C) An ethical nonprofit periodically revisits its mission to determine 1) if the need for the nonprofit continues to exist, 2) its mission needs to be modified, 3) its programs need to be revised or discontinued, or 4) new programs need to be created.
D) An ethical nonprofit is aware that its mission is accomplished through the generosity of others, and it owes its benefactors programs which are competently managed and needed.
1) Expertise and Representative Character
An ethical nonprofit organization is governed by an independent and voluntary Board of Trustees which brings various invaluable skills and expertise to the operation of the nonprofit organization. It is broadly representative of the community it serves, reflecting the diversity and interests of the entire community, and acting as a passionate advocate for the organization's mission.
2) Key Roles
The board determines the mission of the organization, establishes governing policies and strategic plans, gives and solicits resources adequate to those plans, and monitors the organization's financial, executive, and programmatic performance.
3) Fiscal Accountability of Full Board
The full board approves the organization's annual budget, insurance coverage, executive compensation, and choice of auditor, as well as the findings of the organization's audit, management letter, and plans to implement the management letter.
4) Chief Executive Performance Review and Compensation
The compensation of the executive officer is determined independently by the executive committee of the board, based on documented study of salaries at comparable organizations and on regular performance evaluations.
B) Conflicts of interest
1) The Organization
An ethical nonprofit organization has policies in place, and routinely and systematically uses these policies, to prevent actual, potential, or perceived conflicts of interest.
2) The Board Members
Members of the board of an ethical nonprofit act in the best interest of the nonprofit organization rather than on the basis of personal interests or the interests of third parties. Members sign a conflict of interest statement, declare all potential conflicts, and excuse themselves from discussion and voting on any matter from which they might gain personally.
3) Related Parties
The board members of an ethical public charity are unrelated to staff and to each other.
III. FINANCIAL AND LEGAL ACCOUNTABILITY
An ethical nonprofit organization practices accepted standards of sound financial management and complies with legal and regulatory requirements. Its financial systems ensure that accurate financial records are kept and that financial resources are used to further its mission and charitable purposes. It conducts periodic financial reviews to address regulatory and liability concerns.
A) Financial Accountability.
1) An ethical nonprofit organization creates and maintains financial reports on a timely basis that accurately portray its financial status and activities.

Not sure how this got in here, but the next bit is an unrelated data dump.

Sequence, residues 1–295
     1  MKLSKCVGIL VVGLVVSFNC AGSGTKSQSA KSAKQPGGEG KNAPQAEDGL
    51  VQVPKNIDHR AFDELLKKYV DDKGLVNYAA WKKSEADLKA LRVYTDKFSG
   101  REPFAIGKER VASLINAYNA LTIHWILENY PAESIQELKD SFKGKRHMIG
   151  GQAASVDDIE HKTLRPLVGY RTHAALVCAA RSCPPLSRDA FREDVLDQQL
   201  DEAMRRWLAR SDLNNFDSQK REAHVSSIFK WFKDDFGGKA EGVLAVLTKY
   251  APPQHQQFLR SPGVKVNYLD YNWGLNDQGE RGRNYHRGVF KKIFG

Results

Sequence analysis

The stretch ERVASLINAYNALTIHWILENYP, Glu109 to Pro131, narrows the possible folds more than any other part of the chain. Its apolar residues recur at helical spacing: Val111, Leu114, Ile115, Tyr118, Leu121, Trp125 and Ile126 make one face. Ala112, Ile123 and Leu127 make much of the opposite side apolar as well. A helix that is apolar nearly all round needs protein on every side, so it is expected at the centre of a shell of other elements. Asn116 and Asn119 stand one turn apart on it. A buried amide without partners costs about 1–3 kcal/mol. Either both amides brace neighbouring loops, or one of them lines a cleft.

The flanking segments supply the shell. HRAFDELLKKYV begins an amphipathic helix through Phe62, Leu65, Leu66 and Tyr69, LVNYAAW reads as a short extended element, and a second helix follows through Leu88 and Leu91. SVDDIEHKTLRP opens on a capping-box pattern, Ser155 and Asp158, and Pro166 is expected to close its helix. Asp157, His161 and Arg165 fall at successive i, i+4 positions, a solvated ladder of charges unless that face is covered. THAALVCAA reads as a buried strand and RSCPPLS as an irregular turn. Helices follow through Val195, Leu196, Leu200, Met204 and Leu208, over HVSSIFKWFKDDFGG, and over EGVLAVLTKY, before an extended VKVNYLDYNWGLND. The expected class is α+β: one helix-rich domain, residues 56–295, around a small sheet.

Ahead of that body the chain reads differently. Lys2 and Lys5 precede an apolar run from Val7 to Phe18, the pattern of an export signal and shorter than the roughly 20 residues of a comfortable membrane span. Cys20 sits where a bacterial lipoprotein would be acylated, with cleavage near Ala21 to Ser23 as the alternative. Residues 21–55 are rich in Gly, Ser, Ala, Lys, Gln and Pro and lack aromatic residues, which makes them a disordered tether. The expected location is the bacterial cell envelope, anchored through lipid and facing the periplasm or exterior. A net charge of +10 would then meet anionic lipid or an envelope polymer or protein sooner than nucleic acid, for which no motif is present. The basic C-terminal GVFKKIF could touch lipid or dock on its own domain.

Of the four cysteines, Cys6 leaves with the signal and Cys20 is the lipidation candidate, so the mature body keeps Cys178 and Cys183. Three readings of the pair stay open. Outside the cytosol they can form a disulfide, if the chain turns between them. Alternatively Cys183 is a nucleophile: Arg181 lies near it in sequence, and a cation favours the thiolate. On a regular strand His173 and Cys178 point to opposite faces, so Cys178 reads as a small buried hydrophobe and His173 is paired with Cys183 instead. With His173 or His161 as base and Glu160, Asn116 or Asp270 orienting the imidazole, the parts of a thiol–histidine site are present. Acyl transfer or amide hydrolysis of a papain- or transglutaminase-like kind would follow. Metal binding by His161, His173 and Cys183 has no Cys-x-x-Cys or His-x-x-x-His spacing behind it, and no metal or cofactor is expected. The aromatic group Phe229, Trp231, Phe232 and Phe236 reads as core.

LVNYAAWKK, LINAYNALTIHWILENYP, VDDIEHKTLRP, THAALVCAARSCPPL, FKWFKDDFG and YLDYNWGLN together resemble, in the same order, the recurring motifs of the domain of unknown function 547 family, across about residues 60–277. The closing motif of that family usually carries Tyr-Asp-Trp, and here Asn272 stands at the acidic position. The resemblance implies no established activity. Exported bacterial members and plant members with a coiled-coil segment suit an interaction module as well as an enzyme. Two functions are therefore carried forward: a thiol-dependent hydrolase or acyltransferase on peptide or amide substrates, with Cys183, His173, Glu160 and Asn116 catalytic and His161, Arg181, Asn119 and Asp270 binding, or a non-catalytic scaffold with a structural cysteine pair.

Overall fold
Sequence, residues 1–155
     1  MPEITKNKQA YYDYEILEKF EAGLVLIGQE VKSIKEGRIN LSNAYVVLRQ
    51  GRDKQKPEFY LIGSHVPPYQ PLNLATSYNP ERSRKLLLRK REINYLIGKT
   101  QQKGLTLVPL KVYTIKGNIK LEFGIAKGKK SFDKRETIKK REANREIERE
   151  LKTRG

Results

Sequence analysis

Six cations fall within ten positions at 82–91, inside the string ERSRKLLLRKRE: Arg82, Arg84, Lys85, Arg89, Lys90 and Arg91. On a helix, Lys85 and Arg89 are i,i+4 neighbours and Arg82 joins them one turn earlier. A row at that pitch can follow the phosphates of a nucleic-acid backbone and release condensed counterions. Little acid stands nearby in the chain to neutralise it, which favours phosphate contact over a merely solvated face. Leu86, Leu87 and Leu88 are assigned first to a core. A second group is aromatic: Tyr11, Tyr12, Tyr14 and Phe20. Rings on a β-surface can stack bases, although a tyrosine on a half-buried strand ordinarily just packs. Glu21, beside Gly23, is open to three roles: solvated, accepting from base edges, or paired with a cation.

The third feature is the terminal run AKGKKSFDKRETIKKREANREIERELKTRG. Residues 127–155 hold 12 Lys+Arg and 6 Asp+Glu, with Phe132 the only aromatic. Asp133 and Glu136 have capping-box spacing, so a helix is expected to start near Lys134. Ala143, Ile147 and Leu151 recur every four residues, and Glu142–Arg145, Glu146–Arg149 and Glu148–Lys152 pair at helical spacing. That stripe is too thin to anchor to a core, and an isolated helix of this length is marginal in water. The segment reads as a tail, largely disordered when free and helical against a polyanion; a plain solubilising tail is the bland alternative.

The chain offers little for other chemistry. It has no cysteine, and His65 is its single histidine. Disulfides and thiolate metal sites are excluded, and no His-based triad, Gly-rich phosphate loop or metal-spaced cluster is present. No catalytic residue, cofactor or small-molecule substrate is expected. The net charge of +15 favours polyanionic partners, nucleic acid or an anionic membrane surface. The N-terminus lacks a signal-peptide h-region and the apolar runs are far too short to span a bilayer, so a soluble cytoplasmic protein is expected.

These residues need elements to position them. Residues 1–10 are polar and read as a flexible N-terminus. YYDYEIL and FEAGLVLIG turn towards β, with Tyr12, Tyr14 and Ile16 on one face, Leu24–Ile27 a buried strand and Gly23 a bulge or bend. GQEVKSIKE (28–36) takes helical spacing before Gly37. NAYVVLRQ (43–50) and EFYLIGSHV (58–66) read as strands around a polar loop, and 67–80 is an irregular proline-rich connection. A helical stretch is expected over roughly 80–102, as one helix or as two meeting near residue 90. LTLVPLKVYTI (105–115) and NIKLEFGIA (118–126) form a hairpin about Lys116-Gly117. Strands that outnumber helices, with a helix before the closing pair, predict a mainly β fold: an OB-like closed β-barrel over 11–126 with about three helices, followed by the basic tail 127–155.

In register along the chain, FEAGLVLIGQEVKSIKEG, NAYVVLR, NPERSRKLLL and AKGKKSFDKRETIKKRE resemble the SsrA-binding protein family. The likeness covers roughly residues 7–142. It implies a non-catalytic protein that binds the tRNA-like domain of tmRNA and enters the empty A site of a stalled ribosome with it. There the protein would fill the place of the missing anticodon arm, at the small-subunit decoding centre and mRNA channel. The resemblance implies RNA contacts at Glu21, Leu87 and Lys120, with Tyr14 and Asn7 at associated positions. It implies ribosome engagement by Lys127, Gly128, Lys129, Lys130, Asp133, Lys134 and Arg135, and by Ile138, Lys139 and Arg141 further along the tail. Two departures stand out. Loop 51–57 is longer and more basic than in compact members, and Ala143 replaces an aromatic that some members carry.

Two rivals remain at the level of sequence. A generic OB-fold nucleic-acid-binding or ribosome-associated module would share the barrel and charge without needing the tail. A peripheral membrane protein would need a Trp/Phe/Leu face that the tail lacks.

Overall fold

2) An ethical nonprofit provides timely internal financial statements to all board members. Internal financial statements identify and explain any material variation between actual and budgeted revenues and expenses.
3) An ethical nonprofit organization makes its annual financial reports available to the public.
4) An ethical nonprofit organization provides employees and others with a confidential means to report suspected financial impropriety or misuse of its resources.
5) An ethical nonprofit organization has written financial policies in a Financial Policy Manual governing:
(a) investment of its assets;
(b) internal control procedures;
(c) purchasing practices;
(d) reserve funds; and
(e) others as required.
B) Legal Compliance and Accountability.
An ethical nonprofit organization is aware of and complies with all applicable federal, state, and local laws. This may include, but is not limited to: complying with laws and regulations related to fundraising; licensing; financial accountability; human resources; lobbying and political advocacy; and taxation.
An ethical nonprofit organization must respect the interests and intentions of its donors, clients or patrons, as well as the general public. It must be managed with the highest level of professionalism and integrity. Unethical fundraising practices threaten public trust and confidence in the entire nonprofit sector.
A) Legal Compliance
1) Federal, State, and Local Laws
An ethical nonprofit organization that solicits donations from the public is 1) properly organized as a tax-exempt charity, 2) registered in all states in which it actively solicits donations, and 3) is in compliance with both the spirit and the letter of all local, state and federal laws governing charitable solicitations.
2) Tax status
An ethical nonprofit organization offers proof of its tax-exempt status by providing its IRS Determination Letter on request. An organization that is not eligible to receive tax-deductible contributions discloses this fact at the time of solicitation.